Rape and GBV a constant threat for displaced women as North Darfur violence persists
Women and girls displaced by violence and lawlessness in Darfur face the additional constant threat of rape and gender based violence (GBV), long used as an instrument of terror by the forces and militias of the former regime, and now at the hand of “armed and organised” marauding bandits. Activists have reported 17 cases of rape at Zamzam camp, south of the North Darfur capital El Fasher, since the current spate of armed attacks on dozens of villages began in July and August.
Among the victims was a 13-year-old girl who was gang-raped by gunmen, activist Touma Juma told Radio Dabanga. Another girl was raped in front of her family.
In the latest report, witnesses told Radio Dabanga that a girl was raped on Thursday evening in an attack on the area north of Koshni, after which the gunmen made off with everything of value in the village, including relief goods, blankets, and mosquito nets. They complain that the attackers fired randomly into the air to drive people from their villages and agricultural lands. Farmers say that the bandits have destroyed most of the agricultural land in the area.
On Tuesday, seven armed men in military uniforms gang raped a 17-year-old north of Tabit.
‘The gunmen attack agricultural land by day and villages at night, leading to mass displacement’ – Omda Bahreldin Osman
Activist Siham Hasan told Radio Dabanga that more than 48,000 people have been displaced to Zamzam, Tawila, and Shagra camps, from more than 10 large villages in Tarni area in Tawila locality since Friday. 63 villages have been destroyed since early August.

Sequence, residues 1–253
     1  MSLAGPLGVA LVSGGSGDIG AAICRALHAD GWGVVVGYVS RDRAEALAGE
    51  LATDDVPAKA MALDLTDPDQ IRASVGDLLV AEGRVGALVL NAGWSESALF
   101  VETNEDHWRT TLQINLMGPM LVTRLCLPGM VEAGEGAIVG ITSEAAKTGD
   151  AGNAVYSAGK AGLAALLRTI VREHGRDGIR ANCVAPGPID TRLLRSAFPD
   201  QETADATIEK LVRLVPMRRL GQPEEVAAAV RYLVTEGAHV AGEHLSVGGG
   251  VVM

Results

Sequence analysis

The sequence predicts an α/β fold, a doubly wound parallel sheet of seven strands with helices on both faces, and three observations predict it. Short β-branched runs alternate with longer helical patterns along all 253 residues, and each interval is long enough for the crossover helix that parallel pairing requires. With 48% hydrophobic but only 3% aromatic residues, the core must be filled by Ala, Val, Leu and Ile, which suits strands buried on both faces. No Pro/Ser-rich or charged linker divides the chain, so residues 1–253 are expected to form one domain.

3,000 families are still trapped between the Tunjur reservoir and the village of Tunjur, while 1,500 displaced people have arrived in Tabit and are living in the open, residents of the area said.
Omda Bahreldin Osman reported the displacement of 26,000 people from 38 villages in Tawila locality alone since the beginning of August as a result of militant attacks and destruction of agricultural land.
He told Radio Dabanga that the areas in the Tarni administrative unit in the southeast have become devoid of residents as a result of the continued attacks for 42 days without any intervention from the authorities.
Omda Osman described the attacking groups as “armed and organised”, riding motorcycles and camels. The bandits also set up roadblocks. “The gunmen attack agricultural land by day and villages at night, leading to mass displacement.” He noted that large numbers of livestock have been allowed to graze on farms in the area, “resulting in the complete destruction of the agricultural land”.
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